Special note from Danny Seidemann: In this report we present a detailed chronology of recent settlement-related developments in Jerusalem. As will be clear to anyone reading this timeline (and already clear to anyone reading the news), the situation is grave. However, it is imperative to note that the latest development, Netanyahu’s last-minute decision to cancel a vote on the “Greater Jerusalem Law,” is worthy of special scrutiny.
This legislative initiative concerning Greater Jerusalem is likely deferred, not abandoned. In the absence of constant vigilance and continued engagement, the legislation will no doubt be back, sooner rather than later. That said, the removal of the Greater Jerusalem bill from the October 29 agenda is one of the few occasions in recent memory when an increasingly defiant Netanyahu has backed down from such a controversial move. While we had warned of this bill for months, there were only four days warning about the bill coming to a vote – and only four days for concerned voices to engage on the issue. It may never be known what precisely were the factors that convinced Netanyahu to remove the bill from the agenda. What is clear is that during those four short days, international engagement, from the US and others – and largely below the radar, without a public clash with Netanyahu – played a decisive role.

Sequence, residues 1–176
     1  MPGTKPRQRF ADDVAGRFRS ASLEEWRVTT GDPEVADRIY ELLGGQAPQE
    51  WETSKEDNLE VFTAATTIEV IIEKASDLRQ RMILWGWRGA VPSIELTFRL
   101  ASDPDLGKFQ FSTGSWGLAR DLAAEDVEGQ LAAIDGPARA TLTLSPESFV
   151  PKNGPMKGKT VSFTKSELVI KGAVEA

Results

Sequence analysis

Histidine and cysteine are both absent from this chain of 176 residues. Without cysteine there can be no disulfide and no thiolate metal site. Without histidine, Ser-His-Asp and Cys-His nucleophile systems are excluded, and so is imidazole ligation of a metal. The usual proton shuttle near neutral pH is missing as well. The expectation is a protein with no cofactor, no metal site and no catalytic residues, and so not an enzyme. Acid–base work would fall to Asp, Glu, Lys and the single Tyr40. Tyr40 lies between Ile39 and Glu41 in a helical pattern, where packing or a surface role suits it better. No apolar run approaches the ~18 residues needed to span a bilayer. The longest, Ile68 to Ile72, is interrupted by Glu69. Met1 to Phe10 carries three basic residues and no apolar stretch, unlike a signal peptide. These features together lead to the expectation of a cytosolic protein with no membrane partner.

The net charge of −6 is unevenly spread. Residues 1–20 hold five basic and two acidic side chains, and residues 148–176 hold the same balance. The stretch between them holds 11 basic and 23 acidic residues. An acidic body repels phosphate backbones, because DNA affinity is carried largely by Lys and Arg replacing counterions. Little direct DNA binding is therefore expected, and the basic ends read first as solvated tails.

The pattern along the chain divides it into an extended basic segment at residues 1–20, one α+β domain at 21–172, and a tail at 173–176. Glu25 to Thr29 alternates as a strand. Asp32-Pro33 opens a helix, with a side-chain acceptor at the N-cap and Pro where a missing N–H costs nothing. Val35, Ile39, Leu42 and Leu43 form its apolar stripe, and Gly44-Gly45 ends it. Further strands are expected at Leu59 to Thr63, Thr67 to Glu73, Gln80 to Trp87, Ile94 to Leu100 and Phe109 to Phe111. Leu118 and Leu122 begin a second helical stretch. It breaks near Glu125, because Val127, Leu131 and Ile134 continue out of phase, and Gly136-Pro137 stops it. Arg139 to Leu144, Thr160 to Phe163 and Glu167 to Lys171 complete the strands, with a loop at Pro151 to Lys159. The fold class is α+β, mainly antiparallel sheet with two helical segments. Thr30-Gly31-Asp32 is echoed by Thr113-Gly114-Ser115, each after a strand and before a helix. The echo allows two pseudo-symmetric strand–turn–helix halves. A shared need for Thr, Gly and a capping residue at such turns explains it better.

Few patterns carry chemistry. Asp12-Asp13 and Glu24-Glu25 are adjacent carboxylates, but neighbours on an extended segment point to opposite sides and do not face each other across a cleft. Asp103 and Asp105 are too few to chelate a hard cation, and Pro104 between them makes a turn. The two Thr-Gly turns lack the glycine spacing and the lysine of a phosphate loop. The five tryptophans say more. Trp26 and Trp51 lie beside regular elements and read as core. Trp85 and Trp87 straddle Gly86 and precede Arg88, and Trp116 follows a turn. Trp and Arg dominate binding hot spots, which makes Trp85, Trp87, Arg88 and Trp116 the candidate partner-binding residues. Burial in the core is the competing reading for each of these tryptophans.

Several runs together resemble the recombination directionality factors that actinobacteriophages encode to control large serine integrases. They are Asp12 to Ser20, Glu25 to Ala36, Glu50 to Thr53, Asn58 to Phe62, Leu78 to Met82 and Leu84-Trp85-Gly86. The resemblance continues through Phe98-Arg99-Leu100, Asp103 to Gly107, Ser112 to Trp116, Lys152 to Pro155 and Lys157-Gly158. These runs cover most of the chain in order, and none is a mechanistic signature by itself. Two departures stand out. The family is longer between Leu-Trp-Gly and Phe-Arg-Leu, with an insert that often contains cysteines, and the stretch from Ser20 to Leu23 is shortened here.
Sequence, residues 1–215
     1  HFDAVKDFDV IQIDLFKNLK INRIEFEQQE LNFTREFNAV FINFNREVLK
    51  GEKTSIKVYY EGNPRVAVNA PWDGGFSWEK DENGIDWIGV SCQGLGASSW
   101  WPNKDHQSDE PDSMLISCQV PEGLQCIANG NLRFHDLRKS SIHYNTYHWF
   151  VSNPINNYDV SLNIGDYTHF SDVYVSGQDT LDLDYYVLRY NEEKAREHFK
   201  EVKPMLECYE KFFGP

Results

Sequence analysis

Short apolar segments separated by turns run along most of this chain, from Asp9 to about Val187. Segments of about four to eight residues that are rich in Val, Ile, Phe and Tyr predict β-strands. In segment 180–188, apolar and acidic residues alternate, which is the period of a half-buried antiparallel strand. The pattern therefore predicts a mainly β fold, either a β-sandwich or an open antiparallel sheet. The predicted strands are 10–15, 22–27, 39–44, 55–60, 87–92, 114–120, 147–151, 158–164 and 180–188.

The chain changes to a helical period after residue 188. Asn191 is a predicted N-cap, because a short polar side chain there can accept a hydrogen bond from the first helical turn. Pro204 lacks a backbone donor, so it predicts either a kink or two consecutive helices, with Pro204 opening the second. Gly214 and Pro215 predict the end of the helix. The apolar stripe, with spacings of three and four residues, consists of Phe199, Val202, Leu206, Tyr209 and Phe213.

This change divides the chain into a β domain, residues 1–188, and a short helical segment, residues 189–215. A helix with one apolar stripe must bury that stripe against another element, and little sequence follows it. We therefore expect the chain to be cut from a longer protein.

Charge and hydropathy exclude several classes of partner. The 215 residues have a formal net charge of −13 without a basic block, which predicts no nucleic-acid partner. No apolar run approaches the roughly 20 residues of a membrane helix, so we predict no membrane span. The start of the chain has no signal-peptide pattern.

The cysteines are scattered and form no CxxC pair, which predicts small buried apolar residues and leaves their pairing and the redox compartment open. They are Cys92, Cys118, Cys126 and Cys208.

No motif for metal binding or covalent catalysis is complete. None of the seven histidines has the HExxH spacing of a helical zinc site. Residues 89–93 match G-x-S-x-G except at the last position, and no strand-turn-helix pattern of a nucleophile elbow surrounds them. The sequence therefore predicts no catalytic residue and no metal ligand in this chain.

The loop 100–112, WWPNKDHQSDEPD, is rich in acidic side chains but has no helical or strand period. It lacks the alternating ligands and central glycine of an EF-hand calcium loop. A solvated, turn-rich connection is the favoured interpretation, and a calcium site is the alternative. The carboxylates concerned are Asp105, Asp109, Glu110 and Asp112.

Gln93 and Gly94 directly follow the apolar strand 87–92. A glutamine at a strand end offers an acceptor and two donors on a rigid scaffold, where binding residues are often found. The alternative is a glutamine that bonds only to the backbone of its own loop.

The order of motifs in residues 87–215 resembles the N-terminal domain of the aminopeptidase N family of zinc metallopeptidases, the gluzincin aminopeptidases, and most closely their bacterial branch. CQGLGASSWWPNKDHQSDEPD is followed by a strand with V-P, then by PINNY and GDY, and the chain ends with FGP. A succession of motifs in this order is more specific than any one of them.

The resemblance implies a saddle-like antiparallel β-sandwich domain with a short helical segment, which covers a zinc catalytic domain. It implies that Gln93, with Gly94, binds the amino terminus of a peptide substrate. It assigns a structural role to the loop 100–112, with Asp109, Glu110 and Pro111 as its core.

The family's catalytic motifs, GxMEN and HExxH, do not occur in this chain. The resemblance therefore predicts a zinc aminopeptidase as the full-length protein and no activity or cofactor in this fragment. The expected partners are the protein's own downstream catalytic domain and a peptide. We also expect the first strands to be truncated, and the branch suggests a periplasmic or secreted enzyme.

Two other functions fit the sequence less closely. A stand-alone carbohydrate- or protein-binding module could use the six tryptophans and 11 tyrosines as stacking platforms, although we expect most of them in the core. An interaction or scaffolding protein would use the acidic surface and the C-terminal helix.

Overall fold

The lesson to be drawn from this is that engagement matters, and that focused, coherent efforts in this regard are not futile.
Setting the Scene
The intensity of the government initiatives in Jerusalem in the last four months is unprecedented, whether in regard to the scope and implications of the settlements announcements, to the nature of the legislative initiatives, or to the political assault against all those daring to challenge the occupation and the government narrative in Jerusalem.
We have reported on these developments as they emerged. Looking at all these initiatives together, along a timeline, sheds light on the coherence and determination of the governmental actions in Jerusalem. Understood together, it is clear that all aim at a single, shared goal: to irreversibly erase the ability to implement the two-state solution in Jerusalem and its environs. They all share, too, an additional, corollary goal: to delegitimize and quash those in Israel who are sounding the alert – both domestically and internationally – about these initiatives and the devastating implications they have for the future.